TO UNVEIL his latest proposals on criminal justice, a pair of sensible steps dealing with education and prison life, Chief Justice Warren E. Burger chose the forum of a commencement. The chief justice described his ideas as "affordable in an economic sense -- and feasible in terms of the psychology and the political and economic realities of 1981." The essence of Mr. Burger's remarks Sunday at the George Washington University Law School commencement appears on the opposite page today and suggests his major themes: improving the quality, status and training of prison guards while, at the same time, requiring all prisoners to learn to read, write and absorb some basic "skilled or semi-skilled" vocation the might provide an alternative after prison to renewing a life of crime.
Although neither proposal is new, the chief justice's willingness to defend their merits -- especially the inmate training and education idea -- remains noteworthy. For one thing, again Mr. Burger has compelled those who have criticized his views on the criminal justice system as unremittingly "hard line" to step back and reflect. At a time when many leading law enforcement experts in this country have begun reassessing -- or have already requdiated -- the concept of prisoner rehabilitation through counseling, education and job training as a rational, though uncertain, approach to crime control, the chief justice files a powerful dissent.
Although his latest speech does not disavow the belief that primary function of prisons is to punish criminal misdeeds, he still manages to urge that those prisoners willing to prepare for a lawful future life deserve incentives such as reduced sentences. Clearly, the rehabilitative goal is alive and well in his underlying vision of criminal justice reform.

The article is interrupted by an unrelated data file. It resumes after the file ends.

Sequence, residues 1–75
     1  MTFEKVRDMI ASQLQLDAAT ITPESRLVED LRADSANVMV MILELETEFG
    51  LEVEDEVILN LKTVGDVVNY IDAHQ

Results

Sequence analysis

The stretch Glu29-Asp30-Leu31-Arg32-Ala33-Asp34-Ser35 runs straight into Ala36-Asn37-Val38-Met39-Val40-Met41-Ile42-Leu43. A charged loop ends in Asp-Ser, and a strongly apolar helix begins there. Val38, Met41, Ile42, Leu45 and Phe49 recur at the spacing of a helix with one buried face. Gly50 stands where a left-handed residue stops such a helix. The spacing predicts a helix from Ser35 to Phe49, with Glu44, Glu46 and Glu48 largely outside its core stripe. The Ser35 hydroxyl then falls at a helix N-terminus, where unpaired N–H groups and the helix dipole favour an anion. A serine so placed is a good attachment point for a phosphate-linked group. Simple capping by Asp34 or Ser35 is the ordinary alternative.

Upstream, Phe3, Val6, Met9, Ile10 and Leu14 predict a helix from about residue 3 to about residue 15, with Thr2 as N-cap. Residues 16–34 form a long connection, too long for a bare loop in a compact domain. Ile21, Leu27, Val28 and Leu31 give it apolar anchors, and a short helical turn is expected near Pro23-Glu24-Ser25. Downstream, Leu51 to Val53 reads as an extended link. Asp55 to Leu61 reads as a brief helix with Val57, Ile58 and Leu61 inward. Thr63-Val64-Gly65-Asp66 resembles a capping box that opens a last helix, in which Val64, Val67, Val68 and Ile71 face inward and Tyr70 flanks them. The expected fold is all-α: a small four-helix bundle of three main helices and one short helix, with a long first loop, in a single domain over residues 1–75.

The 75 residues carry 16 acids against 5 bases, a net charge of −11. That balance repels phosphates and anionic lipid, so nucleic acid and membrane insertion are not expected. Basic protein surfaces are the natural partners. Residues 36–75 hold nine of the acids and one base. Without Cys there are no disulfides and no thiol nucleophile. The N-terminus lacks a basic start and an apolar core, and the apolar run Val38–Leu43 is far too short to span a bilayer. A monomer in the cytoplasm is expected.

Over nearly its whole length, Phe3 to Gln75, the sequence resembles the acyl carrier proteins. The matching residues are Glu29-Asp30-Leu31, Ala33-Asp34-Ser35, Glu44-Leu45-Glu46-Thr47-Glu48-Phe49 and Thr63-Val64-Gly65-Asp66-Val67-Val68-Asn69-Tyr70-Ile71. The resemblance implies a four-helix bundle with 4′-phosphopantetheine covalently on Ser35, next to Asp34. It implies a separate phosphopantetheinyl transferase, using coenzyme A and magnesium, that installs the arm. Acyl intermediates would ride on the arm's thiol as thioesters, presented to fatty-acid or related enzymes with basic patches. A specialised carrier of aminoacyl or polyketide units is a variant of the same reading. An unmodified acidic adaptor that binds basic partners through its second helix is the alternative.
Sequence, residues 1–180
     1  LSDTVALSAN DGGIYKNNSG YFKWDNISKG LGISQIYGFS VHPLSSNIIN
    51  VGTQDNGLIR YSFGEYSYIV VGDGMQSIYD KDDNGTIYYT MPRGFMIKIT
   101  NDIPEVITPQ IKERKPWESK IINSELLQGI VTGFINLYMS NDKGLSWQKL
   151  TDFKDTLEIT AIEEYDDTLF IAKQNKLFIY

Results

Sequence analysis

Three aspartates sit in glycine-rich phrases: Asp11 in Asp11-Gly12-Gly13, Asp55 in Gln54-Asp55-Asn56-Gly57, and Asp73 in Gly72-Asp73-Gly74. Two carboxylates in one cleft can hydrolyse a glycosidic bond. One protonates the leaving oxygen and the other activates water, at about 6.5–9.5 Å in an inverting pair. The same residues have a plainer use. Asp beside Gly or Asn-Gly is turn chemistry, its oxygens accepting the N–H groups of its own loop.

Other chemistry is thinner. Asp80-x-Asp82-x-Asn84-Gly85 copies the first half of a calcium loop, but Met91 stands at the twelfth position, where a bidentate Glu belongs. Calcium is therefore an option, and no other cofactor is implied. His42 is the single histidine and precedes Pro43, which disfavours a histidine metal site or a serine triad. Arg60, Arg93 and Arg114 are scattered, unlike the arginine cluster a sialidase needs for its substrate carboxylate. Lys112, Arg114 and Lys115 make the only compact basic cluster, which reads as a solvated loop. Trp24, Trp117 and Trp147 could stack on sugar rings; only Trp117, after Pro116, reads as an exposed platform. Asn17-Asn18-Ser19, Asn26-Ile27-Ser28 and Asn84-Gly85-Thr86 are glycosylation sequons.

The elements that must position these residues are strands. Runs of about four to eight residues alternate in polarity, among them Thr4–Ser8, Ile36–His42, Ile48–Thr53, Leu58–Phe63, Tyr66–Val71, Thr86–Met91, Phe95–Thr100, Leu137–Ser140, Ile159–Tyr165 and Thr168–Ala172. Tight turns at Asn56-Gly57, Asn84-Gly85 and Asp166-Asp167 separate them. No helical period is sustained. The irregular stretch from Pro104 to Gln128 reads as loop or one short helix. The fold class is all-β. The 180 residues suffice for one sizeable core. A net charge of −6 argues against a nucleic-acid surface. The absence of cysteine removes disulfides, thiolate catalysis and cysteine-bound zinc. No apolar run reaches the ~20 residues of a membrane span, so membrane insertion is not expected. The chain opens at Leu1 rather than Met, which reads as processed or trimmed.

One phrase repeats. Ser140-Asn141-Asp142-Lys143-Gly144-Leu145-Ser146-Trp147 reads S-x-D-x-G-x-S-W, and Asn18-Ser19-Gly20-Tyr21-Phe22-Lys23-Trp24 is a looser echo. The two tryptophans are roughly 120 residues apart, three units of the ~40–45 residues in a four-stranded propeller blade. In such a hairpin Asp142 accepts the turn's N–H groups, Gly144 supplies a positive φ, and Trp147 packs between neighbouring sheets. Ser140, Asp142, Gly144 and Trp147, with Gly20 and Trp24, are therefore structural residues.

Nor does he neglect the dilemma of improving both the moral of correctional personnel and the quality of supervision in the nation's prisons. There is something to be said for Mr. Burger's advocacy of a national academy of corrections. Creation of such an institution, comparable to the FBI academy in the quality of its teachers and technical resources, inevitably would improve the professionalism of correctional guards in federal, state and even local prisons. Mr. Burger has not only made some general proposals but, as in previous speeches, he has not hesitated to suggest specific guidelines, including the idea that the new "academy" might exploit the FBI academy's facilities when not in use.
Precisely because of his practical concern with redeeming the moral and institutional calamity that is prison life, the chief justice should pay close attention to any demanding budget cuts imposed within the criminal justice field, either by the Reagan administration or by the states and localities. His role as a key "lobbyist" for reforms throughout the criminal justice system makes him a logical person to speak out when reductions of funds impinge on the already shocking quality of so many of those institutions and threaten any essential improvements.